Wrong - you have it backwards:
JEDEC had all they needed to ambush Rambus - not Rambus ambushing JEDEC.
There was no patent ambush on Rambus's part -- it was the other way around and Judge Rader Knows it:
<<To the extent Infineon may argue that the duty to disclose also encompasses situations where an application describes (but does not claim) technologies under discussion at JEDEC, this court notes that Rambus disclosed the ’703 patent and thus satisfied such a construction of the duty. With disclosure of the ’703 patent, JEDEC had the written description for all the undisclosed patents and applications. Indeed, all JEDEC members had notice of the written description of all of Rambus’s patents before adopting its SDRAM standard.
The only thing Rambus did not disclose to JEDEC -- and thus the necessary focus of the fraud inquiry -- was the claims in those patents and applications. The inquiry, therefore, is claim-specific and standard-specific>> (bold type is mine for emphasis)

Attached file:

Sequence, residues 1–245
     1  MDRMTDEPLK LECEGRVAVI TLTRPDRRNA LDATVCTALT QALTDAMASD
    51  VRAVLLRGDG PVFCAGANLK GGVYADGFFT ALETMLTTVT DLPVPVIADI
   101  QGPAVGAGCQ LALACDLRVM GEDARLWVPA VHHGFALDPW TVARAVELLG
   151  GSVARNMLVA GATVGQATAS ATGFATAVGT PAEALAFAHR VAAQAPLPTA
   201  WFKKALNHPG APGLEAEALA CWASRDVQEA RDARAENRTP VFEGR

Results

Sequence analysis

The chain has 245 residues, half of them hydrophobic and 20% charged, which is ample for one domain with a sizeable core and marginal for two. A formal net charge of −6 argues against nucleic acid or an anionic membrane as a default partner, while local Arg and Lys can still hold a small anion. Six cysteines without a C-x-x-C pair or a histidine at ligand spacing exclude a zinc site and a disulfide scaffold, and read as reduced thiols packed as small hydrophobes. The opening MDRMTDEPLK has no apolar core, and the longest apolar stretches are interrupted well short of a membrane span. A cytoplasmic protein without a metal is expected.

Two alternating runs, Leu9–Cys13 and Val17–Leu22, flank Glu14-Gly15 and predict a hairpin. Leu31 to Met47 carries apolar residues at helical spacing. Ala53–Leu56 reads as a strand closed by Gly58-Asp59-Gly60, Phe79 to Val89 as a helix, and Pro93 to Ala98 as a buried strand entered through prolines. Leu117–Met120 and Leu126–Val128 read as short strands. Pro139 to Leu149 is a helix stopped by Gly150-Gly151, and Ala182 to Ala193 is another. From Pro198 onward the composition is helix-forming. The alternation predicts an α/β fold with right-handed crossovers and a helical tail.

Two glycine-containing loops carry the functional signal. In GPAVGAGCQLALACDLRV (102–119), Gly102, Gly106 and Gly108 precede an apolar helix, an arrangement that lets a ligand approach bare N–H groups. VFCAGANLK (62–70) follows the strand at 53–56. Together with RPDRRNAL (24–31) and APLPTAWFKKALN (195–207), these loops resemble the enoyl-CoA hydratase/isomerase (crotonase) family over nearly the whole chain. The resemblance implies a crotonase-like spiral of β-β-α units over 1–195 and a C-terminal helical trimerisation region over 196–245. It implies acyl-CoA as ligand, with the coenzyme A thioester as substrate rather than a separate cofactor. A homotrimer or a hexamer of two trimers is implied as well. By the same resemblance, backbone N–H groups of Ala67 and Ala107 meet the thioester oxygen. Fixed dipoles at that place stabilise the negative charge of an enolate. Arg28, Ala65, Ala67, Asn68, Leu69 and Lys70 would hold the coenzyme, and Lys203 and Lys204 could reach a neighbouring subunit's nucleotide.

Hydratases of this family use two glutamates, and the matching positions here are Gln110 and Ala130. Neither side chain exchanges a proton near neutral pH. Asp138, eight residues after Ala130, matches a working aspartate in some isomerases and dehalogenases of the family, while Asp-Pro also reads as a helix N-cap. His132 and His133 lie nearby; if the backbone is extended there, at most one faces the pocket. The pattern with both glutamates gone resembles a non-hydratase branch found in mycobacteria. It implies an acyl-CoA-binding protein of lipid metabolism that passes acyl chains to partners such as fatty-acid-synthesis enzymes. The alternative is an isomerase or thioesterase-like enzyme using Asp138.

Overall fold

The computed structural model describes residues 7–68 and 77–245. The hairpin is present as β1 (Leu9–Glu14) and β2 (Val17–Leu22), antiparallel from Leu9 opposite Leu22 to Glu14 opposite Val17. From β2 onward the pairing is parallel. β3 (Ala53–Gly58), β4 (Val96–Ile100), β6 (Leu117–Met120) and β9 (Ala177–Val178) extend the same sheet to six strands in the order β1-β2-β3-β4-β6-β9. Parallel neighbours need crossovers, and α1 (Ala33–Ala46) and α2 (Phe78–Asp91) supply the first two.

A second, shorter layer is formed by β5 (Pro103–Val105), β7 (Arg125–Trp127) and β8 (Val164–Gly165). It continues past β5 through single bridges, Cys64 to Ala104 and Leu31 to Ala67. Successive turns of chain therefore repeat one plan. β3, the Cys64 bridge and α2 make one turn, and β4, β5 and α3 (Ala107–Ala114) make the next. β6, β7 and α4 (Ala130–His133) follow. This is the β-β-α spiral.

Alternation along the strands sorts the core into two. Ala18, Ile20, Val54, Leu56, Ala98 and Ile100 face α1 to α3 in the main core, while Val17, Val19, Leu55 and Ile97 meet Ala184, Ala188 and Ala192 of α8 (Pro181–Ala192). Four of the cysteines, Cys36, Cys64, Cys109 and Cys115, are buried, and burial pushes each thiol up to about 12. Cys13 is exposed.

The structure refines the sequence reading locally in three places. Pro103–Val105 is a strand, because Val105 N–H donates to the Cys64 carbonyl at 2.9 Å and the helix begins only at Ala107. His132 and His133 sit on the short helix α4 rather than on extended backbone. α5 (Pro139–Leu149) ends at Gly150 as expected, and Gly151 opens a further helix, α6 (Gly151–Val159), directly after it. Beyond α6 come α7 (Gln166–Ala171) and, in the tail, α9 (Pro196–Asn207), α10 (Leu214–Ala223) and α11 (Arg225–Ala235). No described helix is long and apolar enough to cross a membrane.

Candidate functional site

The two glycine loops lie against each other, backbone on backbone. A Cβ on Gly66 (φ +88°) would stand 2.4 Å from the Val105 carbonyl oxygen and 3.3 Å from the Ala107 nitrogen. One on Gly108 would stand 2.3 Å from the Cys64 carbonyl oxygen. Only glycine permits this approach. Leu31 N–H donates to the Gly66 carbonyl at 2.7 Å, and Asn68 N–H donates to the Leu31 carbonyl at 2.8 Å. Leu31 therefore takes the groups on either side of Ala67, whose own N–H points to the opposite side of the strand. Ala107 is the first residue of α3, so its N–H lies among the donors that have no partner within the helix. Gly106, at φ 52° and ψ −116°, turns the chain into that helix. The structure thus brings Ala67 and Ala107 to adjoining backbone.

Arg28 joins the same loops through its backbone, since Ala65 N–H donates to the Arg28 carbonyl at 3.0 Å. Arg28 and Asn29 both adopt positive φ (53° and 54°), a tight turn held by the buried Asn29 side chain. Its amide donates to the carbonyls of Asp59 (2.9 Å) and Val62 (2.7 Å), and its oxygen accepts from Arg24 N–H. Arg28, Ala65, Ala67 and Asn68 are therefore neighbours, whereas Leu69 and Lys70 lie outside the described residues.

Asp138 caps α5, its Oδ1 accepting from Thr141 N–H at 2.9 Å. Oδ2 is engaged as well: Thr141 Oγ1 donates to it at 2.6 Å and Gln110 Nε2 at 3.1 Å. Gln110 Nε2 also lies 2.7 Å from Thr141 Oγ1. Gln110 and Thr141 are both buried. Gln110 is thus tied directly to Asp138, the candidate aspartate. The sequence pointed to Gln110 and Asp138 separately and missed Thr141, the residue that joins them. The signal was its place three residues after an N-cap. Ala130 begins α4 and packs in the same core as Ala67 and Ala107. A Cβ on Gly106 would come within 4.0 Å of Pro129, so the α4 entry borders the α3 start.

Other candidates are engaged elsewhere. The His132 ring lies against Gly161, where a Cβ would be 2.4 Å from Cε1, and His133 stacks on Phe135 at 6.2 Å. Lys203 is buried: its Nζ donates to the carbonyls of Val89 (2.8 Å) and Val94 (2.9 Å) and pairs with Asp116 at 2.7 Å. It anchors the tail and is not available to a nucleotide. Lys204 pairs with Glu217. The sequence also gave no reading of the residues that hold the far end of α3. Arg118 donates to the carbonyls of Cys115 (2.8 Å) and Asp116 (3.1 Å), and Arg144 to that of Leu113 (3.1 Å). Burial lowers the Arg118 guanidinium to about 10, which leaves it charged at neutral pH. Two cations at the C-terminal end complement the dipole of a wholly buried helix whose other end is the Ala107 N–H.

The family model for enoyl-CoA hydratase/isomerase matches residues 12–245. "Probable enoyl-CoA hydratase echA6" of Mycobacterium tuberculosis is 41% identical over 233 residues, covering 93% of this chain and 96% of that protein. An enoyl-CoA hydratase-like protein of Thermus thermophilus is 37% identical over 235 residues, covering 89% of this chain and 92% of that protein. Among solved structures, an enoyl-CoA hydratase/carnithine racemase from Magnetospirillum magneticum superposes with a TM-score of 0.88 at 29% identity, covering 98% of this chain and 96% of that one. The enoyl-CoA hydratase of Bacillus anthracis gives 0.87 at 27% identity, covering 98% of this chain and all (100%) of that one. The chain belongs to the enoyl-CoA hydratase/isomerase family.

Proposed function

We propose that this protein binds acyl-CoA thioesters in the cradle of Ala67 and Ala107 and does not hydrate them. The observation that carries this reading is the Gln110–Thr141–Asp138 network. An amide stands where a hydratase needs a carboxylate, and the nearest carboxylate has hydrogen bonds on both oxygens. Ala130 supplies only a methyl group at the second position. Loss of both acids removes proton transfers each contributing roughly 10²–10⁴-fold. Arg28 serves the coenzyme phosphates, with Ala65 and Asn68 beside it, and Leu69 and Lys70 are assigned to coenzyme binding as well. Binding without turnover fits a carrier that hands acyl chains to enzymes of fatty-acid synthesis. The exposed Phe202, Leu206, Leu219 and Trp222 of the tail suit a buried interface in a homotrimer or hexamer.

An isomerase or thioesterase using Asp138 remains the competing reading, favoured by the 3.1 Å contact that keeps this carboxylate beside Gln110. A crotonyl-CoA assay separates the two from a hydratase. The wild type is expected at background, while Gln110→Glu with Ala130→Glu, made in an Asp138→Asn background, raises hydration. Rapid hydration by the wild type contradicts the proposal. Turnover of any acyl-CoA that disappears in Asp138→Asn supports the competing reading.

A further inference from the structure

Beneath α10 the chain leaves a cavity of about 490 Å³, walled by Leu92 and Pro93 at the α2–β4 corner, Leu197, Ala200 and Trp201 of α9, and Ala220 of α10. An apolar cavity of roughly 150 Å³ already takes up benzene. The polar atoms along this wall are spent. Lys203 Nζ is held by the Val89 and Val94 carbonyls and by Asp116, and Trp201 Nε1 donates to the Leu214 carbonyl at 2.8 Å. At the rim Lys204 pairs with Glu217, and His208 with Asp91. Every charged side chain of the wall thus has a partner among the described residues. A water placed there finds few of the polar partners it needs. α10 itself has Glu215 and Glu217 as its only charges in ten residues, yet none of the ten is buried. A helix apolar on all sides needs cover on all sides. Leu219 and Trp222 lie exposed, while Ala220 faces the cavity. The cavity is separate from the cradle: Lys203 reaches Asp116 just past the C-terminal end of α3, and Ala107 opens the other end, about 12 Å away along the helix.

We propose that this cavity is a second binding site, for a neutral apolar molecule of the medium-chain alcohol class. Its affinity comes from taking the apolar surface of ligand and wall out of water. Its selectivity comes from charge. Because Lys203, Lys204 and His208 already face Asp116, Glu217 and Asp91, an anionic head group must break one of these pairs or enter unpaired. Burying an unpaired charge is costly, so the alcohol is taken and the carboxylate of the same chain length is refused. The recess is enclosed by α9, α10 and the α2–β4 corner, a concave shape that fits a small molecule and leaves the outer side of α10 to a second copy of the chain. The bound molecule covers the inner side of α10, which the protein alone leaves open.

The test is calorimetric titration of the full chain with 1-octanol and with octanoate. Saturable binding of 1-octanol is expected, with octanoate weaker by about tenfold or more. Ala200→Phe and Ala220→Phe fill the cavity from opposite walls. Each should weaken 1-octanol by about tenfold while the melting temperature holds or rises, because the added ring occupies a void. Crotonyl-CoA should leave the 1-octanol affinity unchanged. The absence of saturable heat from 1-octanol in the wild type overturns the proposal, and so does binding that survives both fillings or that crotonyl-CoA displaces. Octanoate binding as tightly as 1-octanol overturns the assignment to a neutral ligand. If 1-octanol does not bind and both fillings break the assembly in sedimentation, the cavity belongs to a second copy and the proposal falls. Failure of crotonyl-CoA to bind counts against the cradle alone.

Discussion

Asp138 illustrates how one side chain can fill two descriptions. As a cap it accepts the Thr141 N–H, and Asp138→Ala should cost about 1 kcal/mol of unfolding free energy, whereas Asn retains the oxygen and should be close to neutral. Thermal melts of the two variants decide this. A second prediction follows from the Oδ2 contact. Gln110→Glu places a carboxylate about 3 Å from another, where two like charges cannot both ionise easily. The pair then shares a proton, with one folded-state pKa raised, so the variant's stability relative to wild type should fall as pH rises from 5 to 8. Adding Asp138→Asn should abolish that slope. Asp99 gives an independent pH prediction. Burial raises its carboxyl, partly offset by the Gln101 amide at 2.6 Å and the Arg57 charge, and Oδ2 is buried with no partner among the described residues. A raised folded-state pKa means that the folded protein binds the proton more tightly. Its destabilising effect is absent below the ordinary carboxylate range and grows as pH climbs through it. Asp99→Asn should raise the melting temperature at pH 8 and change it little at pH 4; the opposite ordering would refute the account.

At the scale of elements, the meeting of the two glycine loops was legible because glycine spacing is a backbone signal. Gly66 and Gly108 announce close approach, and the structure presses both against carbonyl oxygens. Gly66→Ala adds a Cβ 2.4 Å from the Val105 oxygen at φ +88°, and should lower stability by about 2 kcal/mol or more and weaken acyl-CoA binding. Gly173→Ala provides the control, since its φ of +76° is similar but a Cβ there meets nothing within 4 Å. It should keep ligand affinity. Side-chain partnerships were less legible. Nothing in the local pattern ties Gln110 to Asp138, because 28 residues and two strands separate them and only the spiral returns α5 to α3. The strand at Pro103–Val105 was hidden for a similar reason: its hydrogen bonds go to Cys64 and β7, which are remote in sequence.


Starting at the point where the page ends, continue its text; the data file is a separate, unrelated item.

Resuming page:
<< Rambus disclosed the 703 patent in September 1993. JEDEC also learned of Rambus's WIPO application at the same meeting. Infineon argues that the 703 patent disclosed to JEDEC did not "relate to" the SDRAM standard, but that other undisclosed applications did "relate to" the SDRAM standard. Additionally, Mr. Meyer, Infineon's JEDEC representative, testified that he read the 703 patent and the WIPO application and concluded that they did not "relate to" the SDRAM standard. This conclusion is telling because the written description and drawings of the undisclosed patents and applications are identical to the disclosed 703 patent. The only material difference between the disclosed 703 patent and the undisclosed patents and applications appears in the claims. Accepting, as the jury also must have, Infineon's argument that the 703 patent is unrelated to the JEDEC standard but that undisclosed patents and applications (with the same written description and drawings) are related to the standard, whether a patent or application is "related to" the standard necessarily must depend on the claims of the patent or application.
>> (bold type is mine for emphasis -- but not the underlining).http://media.corporate-ir.net/media_files/NSD/RMBS/msoA7__.pdf